NCQA program aims to validate data streams for quality programs

The initiative looks to facilitate the exchange of information from healthcare entities to improve reliability of data used for HEDIS.

A national non-profit organization continues to roll out a national program that aims to ensure the trustworthiness of aggregated clinical data used to support quality programs.

Most recently, the National Committee for Quality Assurance (NCQA) has validated the trustworthiness of information flowing through the Kansas Health Information Network. Also known as KNOZA, the Topeka-based HIE operates exchanges in eight other states in addition to Kansas.

The designation comes as part of NCQA’s Data Aggregator Validation program. KNOZA reported that it is part of the first NCQA cohort to voluntarily seek and earn the new validation. In late December, Manifest MedEx, a California non-profit health data network, announced it earned the Validated Data Stream designation from the Data Aggregator Validation program.

The initiative is an important step in finding ways to facilitate the effort to exchange data that is intended to improve care quality. NCQA’s program aims to assess both the process, system and data standards used that govern the ingesting, managing and aggregation of data, as well as measure the standards used to ensure output data integrity.

NCQA’s Data Aggregator Validation Program evaluates clinical data streams to help ensure that health plans, providers, government organizations and others can trust the accuracy of aggregated clinical data. It’s seen as a vital, early step in achieving NCQA’s vision of a digital measurement ecosystem; validated data flows also improve the efficiency of today’s quality measurement processes, it contends.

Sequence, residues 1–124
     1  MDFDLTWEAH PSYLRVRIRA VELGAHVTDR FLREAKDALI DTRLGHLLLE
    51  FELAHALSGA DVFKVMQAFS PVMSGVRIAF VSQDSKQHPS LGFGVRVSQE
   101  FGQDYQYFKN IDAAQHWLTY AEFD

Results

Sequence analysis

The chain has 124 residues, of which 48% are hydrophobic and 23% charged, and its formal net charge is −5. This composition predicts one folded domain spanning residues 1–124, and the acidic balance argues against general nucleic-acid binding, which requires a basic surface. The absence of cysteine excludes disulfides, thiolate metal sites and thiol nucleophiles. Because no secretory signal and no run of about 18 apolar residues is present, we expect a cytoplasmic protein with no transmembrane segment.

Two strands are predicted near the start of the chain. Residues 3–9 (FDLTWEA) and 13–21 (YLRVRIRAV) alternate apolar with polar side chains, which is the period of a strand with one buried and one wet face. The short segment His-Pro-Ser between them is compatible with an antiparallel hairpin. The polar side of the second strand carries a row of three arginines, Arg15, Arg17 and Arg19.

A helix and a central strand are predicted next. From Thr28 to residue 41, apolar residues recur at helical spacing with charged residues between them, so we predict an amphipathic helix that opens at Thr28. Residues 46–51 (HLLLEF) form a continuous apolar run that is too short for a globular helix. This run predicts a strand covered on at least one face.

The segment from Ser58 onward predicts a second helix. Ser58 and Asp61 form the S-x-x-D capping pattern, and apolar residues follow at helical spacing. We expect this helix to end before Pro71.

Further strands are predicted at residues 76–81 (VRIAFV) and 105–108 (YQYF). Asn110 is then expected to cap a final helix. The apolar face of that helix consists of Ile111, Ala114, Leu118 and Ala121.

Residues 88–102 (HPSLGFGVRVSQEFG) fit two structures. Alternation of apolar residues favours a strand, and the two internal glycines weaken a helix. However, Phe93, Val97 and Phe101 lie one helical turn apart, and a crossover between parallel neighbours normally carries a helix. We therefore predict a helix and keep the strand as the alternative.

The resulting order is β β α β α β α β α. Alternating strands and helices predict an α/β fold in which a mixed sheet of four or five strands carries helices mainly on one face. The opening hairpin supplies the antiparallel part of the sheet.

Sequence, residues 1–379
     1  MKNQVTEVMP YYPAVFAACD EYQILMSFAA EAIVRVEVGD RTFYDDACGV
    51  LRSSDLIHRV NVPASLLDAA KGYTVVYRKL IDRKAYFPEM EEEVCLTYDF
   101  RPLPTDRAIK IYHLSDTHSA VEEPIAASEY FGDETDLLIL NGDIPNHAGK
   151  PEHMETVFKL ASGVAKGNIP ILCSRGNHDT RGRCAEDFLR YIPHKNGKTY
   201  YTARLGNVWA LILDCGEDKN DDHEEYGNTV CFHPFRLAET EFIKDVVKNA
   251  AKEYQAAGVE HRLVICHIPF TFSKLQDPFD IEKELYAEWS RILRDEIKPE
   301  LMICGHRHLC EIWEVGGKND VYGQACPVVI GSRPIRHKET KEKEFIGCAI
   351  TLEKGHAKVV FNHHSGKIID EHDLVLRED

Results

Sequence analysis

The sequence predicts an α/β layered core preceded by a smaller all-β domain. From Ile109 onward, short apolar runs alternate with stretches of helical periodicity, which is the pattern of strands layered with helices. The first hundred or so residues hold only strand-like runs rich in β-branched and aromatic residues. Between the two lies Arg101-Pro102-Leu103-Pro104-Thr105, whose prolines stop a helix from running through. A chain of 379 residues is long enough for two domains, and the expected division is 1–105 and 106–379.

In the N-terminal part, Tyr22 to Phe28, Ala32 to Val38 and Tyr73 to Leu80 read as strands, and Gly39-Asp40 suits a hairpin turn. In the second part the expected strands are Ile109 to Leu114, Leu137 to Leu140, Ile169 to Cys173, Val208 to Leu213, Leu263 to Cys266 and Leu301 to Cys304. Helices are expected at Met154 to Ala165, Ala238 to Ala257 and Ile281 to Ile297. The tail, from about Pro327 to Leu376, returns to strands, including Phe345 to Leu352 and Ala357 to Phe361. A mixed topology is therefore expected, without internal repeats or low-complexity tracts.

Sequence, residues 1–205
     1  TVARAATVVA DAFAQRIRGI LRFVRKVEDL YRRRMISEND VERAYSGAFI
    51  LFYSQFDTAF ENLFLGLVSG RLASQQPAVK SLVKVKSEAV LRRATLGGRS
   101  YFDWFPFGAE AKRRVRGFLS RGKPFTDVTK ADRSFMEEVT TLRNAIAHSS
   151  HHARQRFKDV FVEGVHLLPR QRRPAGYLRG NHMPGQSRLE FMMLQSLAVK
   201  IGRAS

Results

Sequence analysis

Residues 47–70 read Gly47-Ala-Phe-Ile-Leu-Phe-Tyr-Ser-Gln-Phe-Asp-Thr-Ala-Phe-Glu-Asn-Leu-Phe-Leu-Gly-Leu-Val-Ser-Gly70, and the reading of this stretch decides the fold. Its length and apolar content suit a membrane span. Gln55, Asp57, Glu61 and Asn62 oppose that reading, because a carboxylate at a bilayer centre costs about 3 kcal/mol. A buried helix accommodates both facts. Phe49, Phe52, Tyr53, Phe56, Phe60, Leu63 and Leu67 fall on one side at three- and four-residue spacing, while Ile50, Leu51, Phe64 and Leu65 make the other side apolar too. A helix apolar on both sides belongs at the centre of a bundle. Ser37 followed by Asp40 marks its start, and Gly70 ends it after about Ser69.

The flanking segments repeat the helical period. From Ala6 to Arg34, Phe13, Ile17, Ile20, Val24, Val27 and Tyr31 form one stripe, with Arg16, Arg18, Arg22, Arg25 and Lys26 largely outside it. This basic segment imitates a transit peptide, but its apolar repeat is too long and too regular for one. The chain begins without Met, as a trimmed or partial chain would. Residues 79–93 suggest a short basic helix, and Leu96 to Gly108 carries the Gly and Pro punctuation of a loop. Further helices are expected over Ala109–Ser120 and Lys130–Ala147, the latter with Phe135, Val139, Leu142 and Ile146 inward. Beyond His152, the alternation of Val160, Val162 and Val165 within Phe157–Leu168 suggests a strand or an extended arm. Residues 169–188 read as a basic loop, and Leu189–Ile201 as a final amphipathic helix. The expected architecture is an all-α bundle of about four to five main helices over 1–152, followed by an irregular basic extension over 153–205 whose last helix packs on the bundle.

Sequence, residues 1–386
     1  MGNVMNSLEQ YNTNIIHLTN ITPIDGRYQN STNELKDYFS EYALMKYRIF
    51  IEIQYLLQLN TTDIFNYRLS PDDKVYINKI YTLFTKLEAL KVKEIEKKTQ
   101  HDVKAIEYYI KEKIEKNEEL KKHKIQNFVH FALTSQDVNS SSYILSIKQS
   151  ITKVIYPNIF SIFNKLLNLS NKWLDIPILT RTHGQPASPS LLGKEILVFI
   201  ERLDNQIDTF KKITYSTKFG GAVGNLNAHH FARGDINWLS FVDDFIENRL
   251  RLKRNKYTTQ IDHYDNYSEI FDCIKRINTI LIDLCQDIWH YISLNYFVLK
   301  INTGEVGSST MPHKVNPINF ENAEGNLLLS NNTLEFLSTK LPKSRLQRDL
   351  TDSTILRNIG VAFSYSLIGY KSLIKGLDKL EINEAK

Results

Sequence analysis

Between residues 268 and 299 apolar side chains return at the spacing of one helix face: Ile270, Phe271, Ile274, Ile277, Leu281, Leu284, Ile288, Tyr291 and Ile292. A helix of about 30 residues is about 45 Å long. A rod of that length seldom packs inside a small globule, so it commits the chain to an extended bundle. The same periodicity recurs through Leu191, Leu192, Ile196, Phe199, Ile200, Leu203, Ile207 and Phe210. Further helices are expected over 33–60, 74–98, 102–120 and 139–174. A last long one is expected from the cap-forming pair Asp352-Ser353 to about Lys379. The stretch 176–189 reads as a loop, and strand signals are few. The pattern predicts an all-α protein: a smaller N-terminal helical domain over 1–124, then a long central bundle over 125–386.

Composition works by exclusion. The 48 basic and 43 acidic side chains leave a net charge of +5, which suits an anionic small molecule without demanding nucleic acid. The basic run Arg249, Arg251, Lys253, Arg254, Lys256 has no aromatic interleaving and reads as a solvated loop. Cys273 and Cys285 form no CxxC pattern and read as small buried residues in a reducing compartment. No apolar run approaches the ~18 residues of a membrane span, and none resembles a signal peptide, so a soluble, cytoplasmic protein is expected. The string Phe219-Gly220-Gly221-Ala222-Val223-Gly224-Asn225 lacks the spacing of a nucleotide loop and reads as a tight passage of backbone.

NCQA President Margaret O'Kane

“NCQA’s Data Aggregator Validation program helps identify clinical data that can be trusted and sets a high bar for how the data are managed,” said NCQA President Margaret O’Kane. “We are excited that organizations like KONZA are working to improve trust in clinical data and help ensure the data’s accuracy and broader usability.”

So far, 18 organizations are either seeking NCQA validation, have been validated or have been certified as partners. NCQA defines a certified data partner as one that has demonstrated capabilities to support data stream validation and findings from the certification, thus saving participants time in validating data streams.

Those receiving validation include health information exchanges and vendors that support data exchange between entities in healthcare.

NCQA says its validation process looks to achieve three main goals in ensuring trustworthiness:

  • Ensuring data accuracy throughout the process of data intake and output.
  • Saving time, which is particularly important as HIEs and other data aggregators are increasingly used as sources of supplemental data for reporting data for the Healthcare Effectiveness Data and Information Set (HEDIS), integral to reporting and other quality programs.
  • Offering assurance to contracting partners that data ingested from outside sources is accurate, and the NCQA validation can provide that extra level of comfort.

As HIEs and aggregators play a larger role in collecting health data, the NCQA program pays particular attention to organizations’ adherence to the NCQA Continuity of Care Document (CCD) Implementation Guide, as well as testing and reviewing CCD output files to see how well they match up with primary sources, known as primary source verification (PSV).

“NCQA validates one or many clusters of clinical data that are ingested, processed and ultimately output as CCD files,” the organization noted. “NCQA evaluates data streams from the point of ingestion through the output of the CCD file, ensuring standards and protocols are met, and that data provided from the original source accurately reflect the data reported for use as standard supplemental data for HEDIS or for other quality programs.”

KONZA worked in conjunction with data interoperability vendor Diameter Health to earn its NCQA validation. “By being among the first to successfully participate in Cohort 1 of the program, KONZA and Diameter Health are part of a small group of organizations to demonstrate they can meet the rigorous standards set by NCQA for data trustworthiness and usability for quality reporting,” said Diameter Health’s Chief Product Officer Ashley Basile.

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